Among the gig workers, ongoing access to new information and training was another factor cited for success, the students said. It’s what helped the people they talked to find work and stay employed.

“We found that 57 per cent of gig economy workers believe they need to develop additional skills, especially in the ages between 18 and 29,” Pust says.

Maintaining a side hustle even with a full-time position was common. “We heard that everyone has a side hustle these days, especially our generation,” Pust recounts. “A lot of the younger freelancers, or even the agency workers, all have this side hustle — whether it’s photography or they’re running a consulting business on the side, like helping friends in the music business — that was really common.”

Pust and Hudson said they learned a lot from the people they interviewed and wonder what may have changed for them since the beginning of the pandemic.

“This was pre-COVID,” notes Pust. “I’m sure [the pandemic] would have changed some of our results. If we have an opportunity to keep going on this I’d love to redo those interviews now to see where everyone’s at, especially the people who were freelancing. I think it’d be really interesting to see.”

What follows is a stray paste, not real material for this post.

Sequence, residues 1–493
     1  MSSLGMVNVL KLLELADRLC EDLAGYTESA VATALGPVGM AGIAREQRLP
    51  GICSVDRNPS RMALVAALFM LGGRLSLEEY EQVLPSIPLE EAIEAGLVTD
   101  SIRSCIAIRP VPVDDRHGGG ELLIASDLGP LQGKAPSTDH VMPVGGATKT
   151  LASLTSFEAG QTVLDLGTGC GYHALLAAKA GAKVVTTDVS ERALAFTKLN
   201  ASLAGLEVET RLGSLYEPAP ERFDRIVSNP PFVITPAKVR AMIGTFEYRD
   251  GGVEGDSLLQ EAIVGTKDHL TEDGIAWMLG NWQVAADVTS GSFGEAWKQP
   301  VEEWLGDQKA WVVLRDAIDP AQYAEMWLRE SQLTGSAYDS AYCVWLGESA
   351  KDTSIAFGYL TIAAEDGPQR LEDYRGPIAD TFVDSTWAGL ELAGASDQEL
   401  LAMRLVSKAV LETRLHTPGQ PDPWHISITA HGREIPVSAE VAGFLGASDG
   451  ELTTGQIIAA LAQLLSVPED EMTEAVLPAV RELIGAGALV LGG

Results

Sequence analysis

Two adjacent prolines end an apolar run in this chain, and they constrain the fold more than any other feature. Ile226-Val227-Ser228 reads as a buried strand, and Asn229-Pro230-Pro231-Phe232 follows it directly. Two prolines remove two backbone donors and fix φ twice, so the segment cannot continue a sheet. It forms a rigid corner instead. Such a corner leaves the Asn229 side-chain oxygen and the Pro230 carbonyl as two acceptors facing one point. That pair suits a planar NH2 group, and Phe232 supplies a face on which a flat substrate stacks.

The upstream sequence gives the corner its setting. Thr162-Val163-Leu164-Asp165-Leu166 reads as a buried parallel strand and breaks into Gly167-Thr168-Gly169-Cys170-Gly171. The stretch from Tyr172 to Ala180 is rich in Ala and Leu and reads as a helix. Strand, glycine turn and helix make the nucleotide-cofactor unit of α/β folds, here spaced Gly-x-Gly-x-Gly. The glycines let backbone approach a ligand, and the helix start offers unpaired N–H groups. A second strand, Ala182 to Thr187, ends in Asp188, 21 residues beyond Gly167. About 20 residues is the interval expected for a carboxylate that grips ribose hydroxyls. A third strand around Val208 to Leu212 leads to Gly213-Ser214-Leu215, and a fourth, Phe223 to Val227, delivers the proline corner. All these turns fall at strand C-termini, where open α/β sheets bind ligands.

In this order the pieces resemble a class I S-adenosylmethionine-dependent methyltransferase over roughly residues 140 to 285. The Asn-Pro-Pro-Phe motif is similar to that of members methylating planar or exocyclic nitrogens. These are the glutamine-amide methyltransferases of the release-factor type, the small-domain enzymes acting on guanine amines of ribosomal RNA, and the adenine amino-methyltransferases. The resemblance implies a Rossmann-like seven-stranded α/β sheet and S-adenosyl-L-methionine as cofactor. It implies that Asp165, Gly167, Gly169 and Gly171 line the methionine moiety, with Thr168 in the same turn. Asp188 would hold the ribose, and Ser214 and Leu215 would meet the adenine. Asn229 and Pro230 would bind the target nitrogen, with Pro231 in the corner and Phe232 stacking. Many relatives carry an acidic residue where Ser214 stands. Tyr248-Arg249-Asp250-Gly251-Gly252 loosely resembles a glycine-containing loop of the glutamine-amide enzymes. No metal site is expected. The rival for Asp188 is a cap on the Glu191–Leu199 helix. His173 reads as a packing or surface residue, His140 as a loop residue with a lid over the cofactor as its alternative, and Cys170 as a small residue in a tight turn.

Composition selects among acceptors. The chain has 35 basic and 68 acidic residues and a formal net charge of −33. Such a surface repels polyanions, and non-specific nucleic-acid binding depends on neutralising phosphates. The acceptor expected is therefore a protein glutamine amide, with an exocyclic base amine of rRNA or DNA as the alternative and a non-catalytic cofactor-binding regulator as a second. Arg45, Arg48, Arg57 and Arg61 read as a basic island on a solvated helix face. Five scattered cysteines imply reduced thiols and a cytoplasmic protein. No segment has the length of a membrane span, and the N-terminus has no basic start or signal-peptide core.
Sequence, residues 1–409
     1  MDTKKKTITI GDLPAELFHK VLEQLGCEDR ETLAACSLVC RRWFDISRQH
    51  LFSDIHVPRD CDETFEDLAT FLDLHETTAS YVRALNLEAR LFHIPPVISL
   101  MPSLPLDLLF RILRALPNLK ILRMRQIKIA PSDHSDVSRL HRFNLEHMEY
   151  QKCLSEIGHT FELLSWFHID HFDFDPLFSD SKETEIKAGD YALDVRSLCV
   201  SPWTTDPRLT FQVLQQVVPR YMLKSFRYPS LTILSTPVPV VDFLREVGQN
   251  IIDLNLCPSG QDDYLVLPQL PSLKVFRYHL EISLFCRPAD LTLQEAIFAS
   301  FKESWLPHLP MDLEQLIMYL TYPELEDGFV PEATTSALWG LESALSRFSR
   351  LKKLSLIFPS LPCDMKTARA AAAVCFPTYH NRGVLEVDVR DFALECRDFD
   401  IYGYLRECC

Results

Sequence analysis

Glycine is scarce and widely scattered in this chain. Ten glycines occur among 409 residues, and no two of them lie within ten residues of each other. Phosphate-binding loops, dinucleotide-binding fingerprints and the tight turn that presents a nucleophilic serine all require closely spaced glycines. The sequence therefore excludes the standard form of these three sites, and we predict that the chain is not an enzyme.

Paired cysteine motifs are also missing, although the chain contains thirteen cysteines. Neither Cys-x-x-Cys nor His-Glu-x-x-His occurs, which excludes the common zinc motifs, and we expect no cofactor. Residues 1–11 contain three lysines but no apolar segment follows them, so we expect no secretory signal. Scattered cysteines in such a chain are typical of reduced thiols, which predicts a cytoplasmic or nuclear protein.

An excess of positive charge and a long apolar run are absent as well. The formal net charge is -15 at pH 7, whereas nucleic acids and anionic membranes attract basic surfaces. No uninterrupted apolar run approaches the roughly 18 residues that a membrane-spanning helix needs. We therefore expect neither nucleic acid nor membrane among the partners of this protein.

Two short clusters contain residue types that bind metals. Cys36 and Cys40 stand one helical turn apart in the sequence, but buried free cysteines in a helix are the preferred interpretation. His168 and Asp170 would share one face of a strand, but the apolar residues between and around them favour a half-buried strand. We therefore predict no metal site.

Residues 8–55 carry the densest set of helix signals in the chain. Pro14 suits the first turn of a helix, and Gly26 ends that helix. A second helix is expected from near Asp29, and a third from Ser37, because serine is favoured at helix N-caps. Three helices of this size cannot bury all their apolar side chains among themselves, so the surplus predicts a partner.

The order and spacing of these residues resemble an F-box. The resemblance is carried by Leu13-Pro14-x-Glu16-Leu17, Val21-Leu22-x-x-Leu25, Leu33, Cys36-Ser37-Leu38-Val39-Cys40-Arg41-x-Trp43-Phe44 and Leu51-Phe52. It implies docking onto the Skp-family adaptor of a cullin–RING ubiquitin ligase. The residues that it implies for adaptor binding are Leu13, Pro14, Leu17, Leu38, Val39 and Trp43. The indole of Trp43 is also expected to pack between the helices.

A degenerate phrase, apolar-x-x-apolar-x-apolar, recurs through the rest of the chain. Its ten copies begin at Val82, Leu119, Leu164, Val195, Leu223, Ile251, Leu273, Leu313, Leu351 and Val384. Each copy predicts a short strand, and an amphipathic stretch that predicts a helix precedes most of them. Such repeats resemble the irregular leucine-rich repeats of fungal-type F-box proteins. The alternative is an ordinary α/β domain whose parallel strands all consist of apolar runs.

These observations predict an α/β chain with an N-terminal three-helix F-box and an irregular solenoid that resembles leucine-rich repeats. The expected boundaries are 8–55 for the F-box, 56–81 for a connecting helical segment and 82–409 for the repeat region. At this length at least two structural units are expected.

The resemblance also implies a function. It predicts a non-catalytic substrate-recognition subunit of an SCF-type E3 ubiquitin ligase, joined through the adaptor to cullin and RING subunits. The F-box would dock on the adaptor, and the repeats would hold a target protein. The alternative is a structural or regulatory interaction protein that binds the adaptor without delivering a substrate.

As for Pust and Hudson, both are looking for full-time work at a difficult time in the economy and, like many people they interviewed, both say they’ll also have a side hustle, which may take them in a new direction.

What will make them attractive to the workforce, Finch says, is the ability to demonstrate that they can “translate their education into applied value.”

“The biggest challenge students face today is misjudging formal education as providing some unique value in the marketplace,” Finch says. “This is why research shows that while formal education is important, it is of declining value. The five ‘building block’ model we refer to in the Designing YOU Career Guides really provides perspective to this.”

What Finch is suggesting as that students put the effort into ‘designing’ the person they want to present to the world, rather than allowing their education to do that for them.

Both Hudson and Pust know that they will have to show others what makes them special in order to create a career path specific to each of them. “Maybe you don’t have to do the 9-to-5 your whole life,” says Hudson. “You have the opportunity to start something on your own.”

All Designing YOU resources are available online for free.

Aug. 17, 2020 — Melissa Rolfe